The public hearings on the Petroleum Industry Bill at the House of Representatives slated to be held today in Abuja failed to hold. No reason was given by the PIB Ad hoc committee.
Attendance at the event was sparse with most of the crowd dispersing after 4 hours of waiting. It is not clear whether the hearing will hold tomorrow as scheduled.
The House of Representatives ad hoc committee on the Petroleum Industry Bill, announce today, Sunday 21st April, that it is to hold its zonal public hearings in Port Harcourt, Enugu, Lagos, Kaduna, Ilorin & Gombe on Monday 22nd April & Tuesday 23rd April. The announcement may be found here. The Lagos public hearing is to be held at the Lagos Airport Hotel from 9 am to 4 pm each day. Given the importance of the PIB, the very short notice given by the committee is extremely disappointing is likely to affect the quality of the debates held at the sessions.
Businessday highlights one of the major problems associated with the continued delay of the passage of the PIB – the deferral of investment decision making for gas development projects. In addition, the article suggests that the proposed fiscal terms for gas will not incentivise oil producing companies to develop gas projects.
A list of the PIB committee members may be found in the Leadership.
The Petroleum Industry Bill successfully passed through the second reading phase in the House of Representatives. As reported by Channels, there was no dissenting voice when the vote was called. The House has constituted a 23 man Special Ad hoc Committee led by Ishaka Bawa, the Chief Whip of the House to review the Bill in detail. We shall provide you with a list of the other members of the Ad hoc Committee as we receive them.
Nigeria’s house of representatives commenced debates on the General Principles of the PIB yesterday. The Bill’s second reading, which is usually a perfunctory stage in the legislative process, has been characterised by very robust debates on certain key terms of the Bill. Some of the issues raised related to the establishment of the Petroleum Host Communities Fund and the discretionary powers of the Minister. The debate continues in the House of Representatives today. See the reports in the Tribune and AfriqueJet.
The Committee on Petroleum Resources (Downstream) of the House of Representatives today announced its Downstream Stakeholders Forum. The theme is “The Downstream Regime in the Petroleum Industry Bill: Stakeholder’s Perspective”. This is a by invitation only event and will hold on the 2nd of October. This forum is different from the public hearings that will be held by the committee after the second hearing of the PIB. Details of the forum and the relevant contacts can be found here.
Feature Article by Dr. Ekpen J. Omonbude
After what can be described as a very, very long wait, the Nigerian Government has forwarded the Petroleum Industry Bill (‘PIB’ or ‘the Bill’) to the National Assembly. This follows a series of drafts, disputes and revisions as the Government, the international oil companies (‘IOCs’), and the legislature failed numerous times to agree on previous versions.
The Ministry of Petroleum Resources (‘the Ministry’) describes the PIB as potentially “one of the most important pieces of legislation in the history of the oil industry in Nigeria, changing everything from fiscal terms to the make-up of the state-oil firm”. It is clearly an ambitious document, one which in our assessment could change, fairly significantly, the way in which the oil and gas business is conducted in Nigeria if passed into law as-is.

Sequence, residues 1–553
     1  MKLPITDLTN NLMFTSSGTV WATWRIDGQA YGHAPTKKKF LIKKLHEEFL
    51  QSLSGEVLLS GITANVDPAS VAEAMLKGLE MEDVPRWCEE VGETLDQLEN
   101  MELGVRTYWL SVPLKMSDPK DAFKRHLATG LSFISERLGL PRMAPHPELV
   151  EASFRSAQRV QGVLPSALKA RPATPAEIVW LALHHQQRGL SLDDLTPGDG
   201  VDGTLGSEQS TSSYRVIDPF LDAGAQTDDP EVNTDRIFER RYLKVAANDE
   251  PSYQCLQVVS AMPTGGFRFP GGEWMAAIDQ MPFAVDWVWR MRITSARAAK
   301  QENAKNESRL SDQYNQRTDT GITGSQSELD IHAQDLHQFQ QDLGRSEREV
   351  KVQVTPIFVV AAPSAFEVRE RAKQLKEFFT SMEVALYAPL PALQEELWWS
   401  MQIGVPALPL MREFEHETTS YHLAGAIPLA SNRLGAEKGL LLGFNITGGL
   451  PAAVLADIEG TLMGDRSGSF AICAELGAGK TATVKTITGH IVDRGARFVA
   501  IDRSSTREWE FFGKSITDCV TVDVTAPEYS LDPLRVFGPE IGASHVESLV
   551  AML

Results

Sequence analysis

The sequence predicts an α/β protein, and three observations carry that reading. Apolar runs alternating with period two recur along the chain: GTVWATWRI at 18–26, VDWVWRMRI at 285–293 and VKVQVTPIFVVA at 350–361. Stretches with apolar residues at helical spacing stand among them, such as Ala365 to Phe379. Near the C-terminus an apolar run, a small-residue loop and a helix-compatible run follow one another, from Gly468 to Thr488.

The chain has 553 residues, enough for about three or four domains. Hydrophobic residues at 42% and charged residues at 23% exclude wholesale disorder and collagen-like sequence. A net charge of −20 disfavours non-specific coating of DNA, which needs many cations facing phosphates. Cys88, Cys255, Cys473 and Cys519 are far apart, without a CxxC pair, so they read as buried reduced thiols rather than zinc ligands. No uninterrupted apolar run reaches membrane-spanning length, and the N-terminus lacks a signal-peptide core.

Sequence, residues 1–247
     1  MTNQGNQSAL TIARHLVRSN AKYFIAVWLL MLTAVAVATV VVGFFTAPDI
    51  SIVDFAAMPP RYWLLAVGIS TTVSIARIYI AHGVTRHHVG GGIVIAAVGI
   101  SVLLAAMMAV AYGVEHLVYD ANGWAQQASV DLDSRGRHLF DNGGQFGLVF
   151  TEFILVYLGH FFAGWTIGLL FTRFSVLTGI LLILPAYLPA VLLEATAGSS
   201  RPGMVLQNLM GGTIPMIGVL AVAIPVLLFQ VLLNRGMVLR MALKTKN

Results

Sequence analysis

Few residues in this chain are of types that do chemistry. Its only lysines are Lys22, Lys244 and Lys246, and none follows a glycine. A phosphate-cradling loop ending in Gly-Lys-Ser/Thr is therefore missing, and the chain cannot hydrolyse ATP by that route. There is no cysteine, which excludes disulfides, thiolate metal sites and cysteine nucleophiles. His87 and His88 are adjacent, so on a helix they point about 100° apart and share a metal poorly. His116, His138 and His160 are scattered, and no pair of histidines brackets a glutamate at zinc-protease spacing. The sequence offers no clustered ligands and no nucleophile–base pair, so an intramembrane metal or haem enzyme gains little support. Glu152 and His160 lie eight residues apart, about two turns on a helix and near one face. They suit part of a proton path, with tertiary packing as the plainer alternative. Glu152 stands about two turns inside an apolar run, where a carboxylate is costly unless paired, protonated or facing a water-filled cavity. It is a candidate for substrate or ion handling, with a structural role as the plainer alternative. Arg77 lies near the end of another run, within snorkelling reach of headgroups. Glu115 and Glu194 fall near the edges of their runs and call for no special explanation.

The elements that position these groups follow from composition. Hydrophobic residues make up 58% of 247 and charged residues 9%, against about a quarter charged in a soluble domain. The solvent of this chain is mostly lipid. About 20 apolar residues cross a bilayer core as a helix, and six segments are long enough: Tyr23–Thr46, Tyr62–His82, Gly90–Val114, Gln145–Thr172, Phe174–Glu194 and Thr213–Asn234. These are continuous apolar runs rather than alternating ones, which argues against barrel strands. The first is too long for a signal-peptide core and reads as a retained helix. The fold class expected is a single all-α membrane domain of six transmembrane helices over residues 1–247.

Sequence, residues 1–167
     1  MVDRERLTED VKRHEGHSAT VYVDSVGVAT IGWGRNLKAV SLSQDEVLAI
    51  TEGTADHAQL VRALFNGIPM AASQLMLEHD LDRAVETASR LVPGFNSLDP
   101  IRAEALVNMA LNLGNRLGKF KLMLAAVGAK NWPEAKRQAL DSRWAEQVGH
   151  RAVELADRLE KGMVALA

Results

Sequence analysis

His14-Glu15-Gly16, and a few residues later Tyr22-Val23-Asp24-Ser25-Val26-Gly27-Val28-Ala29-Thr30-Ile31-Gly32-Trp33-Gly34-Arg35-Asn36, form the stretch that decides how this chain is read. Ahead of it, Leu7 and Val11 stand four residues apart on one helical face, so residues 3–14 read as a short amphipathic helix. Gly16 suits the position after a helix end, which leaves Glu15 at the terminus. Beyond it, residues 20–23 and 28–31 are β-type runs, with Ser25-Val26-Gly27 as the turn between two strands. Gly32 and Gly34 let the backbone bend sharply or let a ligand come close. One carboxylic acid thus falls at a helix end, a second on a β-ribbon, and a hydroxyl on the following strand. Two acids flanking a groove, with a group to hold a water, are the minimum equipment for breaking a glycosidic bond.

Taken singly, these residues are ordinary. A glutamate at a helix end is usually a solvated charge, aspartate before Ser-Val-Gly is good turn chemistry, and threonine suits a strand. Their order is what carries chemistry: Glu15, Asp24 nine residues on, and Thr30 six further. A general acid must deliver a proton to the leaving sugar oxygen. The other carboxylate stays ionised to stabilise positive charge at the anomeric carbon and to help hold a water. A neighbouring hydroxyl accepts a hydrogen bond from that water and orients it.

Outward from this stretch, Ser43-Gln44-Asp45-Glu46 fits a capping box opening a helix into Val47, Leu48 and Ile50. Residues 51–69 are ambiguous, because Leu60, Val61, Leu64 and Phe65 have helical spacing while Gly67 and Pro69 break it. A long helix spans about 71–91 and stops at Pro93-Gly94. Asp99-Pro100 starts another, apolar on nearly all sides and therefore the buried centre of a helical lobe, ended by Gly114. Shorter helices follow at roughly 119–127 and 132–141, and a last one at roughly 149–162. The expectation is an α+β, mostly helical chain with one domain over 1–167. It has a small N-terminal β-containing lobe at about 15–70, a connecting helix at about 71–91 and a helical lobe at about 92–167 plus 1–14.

The industry has greeted the PIB with mixed reactions. For some upstream E&P players, it does not appear that there is satisfaction with the fiscal terms as stated in the Bill. For others, there appears to be a certain degree of confusion as to what would apply when, and how. International organisations appear to have taken a position of quiet optimism for now.
At over 220 pages, the PIB is a daunting read for most non-lawyers. It does however try to simplify what is currently a difficult petroleum legislative and regulatory framework to explain to the untrained eye (lawyer’s paradise, anyone?). Highlights of such attempts at simplicity are the apparent amalgamation of the relevant petroleum sector laws into one piece, and a reduction of the points of fiscal burden to a handful of fiscal instruments. The Bill in fact defines fiscal rent as “the aggregation of royalty, Nigerian Hydrocarbon Tax and Companies Income Tax obligations arising from upstream petroleum operations”. This simplicity may not however translate to reduced fiscal burden. In my view at least three separate pieces of legislation could have been submitted to the National Assembly, rather than one, but this is not the purpose of this particular exercise. Continue reading “Fiscal Provisions of the Nigerian Petroleum Industry Bill: A not so quick-and-dirty assessment, Part I”
Joe Brock of Reuters highlights some of the tensions between the National Assembly and the Executive over the passage of the PETROLEUM INDUSTRY BILL 2012. One of the issues raised in the article is the extent of discretionary power granted to the minister of petroleum under the Bill.
One of the significant highlights of the PETROLEUM INDUSTRY BILL 2012 are the arbitrary powers granted under it. In particular, ministerial power has been consolidated and appears to retain the colossal status of ministerial influence under the Petroleum Act 1969. This is in addition to the new absolute discretionary power granted to the President to grant petroleum prospecting licences and petroleum mining leases under the Bill. Our upcoming papers will spell out some of these powers along with other highlights of the PETROLEUM INDUSTRY BILL 2012. In the meantime, Thisday highlights some of the arbitrary powers introduced in the Bill here.